[CS-FSLUG] Linux Today - Is desktop Linux too fragmented to succeed? A friend tells it like it is!!

Timothy Butler tbutler at ofb.biz
Tue May 5 11:13:11 CDT 2009

>> 	How do KDE 3 and KDE 4 apps interoperate? For example, I can run an
>> app written for Mac OS X 10.1 and one for 10.5 and not know which is
>> which.
> I can also run KDE 3.1 and 3.5 apps and not know which is which ;)  
> (just
> a joke...)

	Yes, yes. I'll admit OS X's version scheme isn't the clearest. ;-)

>> Likewise, I can run many Windows XP, or even 3.1, apps on
>> Vista and not have a clue which is which.
> I did not use Vista that much, but for the looks I can tell whether an
> app is a Win 3.1 app, or a Visual Basic app, or a .NET app, or a  
> Borland
> Delphi app (the icons on the buttons are a dead giveaway for the
> latter).

	Right, some of them will give themselves away with dated icons and  
such. But none of them is a "second class citizen," with a slight  
exception in the 3.1 apps. Dialogs and such will work exactly the same  
in an early Win32 app as the latest 64-bit, Windows 7 app.

> Then, after running KDE4.0, I had two completely different directory
> settings and I could even switch between the two environments. And  
> while
> using KDE4, I could use any KDE3 app. But I recognize this is major
> surgery...
> My point is that it is doable.

	This is where I'm wondering if KDE couldn't help out. Really, it's a  
bit of a waste to install the whole DE just for compatibility's sake,  
but more importantly, now you have two sets of configuration files, etc.

>> 	I think the big thing, though, is that KDE does keep breaking the
>> ABI even if you can kludge around it.
> So what? Gnome did it. Mac OS9 -> OS X? Apple did it, too...

	Right. It's fine to break the ABI. But KDE has four separate ABIs:  
1998, 2000, 2003 and 2008. Apple has two over a much longer period:  
1984 and 2001. GNOME also has two 1998 (ish -- GNOME betas were in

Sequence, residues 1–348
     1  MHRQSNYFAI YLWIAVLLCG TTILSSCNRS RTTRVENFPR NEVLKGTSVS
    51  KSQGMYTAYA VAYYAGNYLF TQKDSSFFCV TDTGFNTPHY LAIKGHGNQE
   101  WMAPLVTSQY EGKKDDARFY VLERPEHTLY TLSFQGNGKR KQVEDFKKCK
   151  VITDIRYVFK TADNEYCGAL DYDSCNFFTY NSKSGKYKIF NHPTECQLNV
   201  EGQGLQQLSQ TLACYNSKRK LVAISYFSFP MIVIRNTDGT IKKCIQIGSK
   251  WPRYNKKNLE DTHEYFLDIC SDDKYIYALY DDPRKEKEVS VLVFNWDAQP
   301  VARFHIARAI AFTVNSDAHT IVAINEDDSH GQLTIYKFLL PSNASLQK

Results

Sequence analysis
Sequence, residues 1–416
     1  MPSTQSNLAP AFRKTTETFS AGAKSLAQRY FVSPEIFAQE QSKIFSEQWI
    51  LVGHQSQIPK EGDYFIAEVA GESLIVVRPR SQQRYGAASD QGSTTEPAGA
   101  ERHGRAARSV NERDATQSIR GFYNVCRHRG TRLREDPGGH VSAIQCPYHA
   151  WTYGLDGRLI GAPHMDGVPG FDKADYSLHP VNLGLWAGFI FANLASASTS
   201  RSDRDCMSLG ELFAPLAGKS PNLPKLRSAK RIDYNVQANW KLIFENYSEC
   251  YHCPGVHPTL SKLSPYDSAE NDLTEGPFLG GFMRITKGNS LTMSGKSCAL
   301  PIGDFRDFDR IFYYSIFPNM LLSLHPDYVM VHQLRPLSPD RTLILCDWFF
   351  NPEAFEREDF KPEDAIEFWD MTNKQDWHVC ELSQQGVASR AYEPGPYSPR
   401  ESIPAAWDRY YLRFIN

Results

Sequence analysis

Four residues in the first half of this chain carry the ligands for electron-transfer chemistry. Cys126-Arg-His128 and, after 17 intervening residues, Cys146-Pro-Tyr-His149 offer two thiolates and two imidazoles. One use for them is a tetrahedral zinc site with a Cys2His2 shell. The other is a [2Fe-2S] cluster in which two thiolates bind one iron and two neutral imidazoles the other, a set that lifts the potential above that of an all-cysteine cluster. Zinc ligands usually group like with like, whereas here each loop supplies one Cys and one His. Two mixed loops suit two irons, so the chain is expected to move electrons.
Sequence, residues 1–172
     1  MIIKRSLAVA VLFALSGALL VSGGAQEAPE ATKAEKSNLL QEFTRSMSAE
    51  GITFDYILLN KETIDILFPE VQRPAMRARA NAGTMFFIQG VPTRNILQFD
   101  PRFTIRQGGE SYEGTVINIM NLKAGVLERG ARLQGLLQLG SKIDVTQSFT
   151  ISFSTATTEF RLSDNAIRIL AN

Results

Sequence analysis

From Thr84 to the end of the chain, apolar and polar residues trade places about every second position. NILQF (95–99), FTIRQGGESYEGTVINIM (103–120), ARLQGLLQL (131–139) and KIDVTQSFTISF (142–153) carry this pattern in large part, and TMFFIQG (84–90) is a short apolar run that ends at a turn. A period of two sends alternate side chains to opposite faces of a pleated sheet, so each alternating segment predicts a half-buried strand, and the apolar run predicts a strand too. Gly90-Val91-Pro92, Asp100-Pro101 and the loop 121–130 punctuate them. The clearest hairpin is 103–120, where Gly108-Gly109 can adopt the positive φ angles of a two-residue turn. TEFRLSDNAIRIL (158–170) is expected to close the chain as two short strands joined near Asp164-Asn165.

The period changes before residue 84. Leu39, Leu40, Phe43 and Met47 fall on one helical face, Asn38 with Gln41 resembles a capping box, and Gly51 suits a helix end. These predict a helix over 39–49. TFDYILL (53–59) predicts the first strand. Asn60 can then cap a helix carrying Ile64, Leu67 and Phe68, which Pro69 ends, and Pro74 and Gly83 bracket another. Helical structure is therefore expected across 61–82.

fairly wide circulation, perhaps 1999 is fairer) and 2002. GNOME 3  
looks like it will not break compatibility.

	Note that Mac OS X, Windows and GNOME all seem to follow a similar  
philosophy: legacy support is slowly phased out as needed, which  
causes some older apps to fail, but they don't (as a rule) break the  
entire ABI. It's a gradual progression. I think that fits peoples'  
natural progression with apps too -- eventually, people upgrade, but  
one might upgrade Office in a slower fashion than Quicken.

	Mac OS's big ABI break was a virtual necessity; Classic simply was  
too far behind and attempts to upgrade it directly had failed numerous  
times. But, even then, they went to great pains to insure that the  
Classic emulator integrated the old apps as well as possible for half  
a decade after the OS X had come out.

>> Mac OS X has not broken its
>> ABI. And, when they switched architectures, Apple went to great
>> lengths to hide even something as complex as an emulator or another
>> architecture (!) so that the user never sees it.
> I think this is because they really made the mistake of switching
> architectures... IMHO they had the advantage with POWER.

	I think they did too, but the problem was the inability to secure a  
good selection of PPC processors oriented towards the desktop. Since  
the Intel transition, Apple has been able to move at a much faster  
clip; while RISC has some inherent advantages, Core Architecture I  
think would have trounced PowerPC in benchmarks even if IBM had  
slightly improved its speed of developing new chips.

	In the end, Intel Macs run just like PowerPC Macs do, only much  
faster, so it hasn't been much of a loss. And not having to explain  
differences in processor architecture to people in marketing materials  
is probably nearly worth it by itself for Apple.


Timothy R. Butler | "Bad is so bad, that we cannot but think good
Editor, OfB.biz   | an accident;  good is so  good, that  we feel
tbutler at ofb.biz   | certain that evil could be explained."
timothybutler.us  |                           -- G. K. Chesterton

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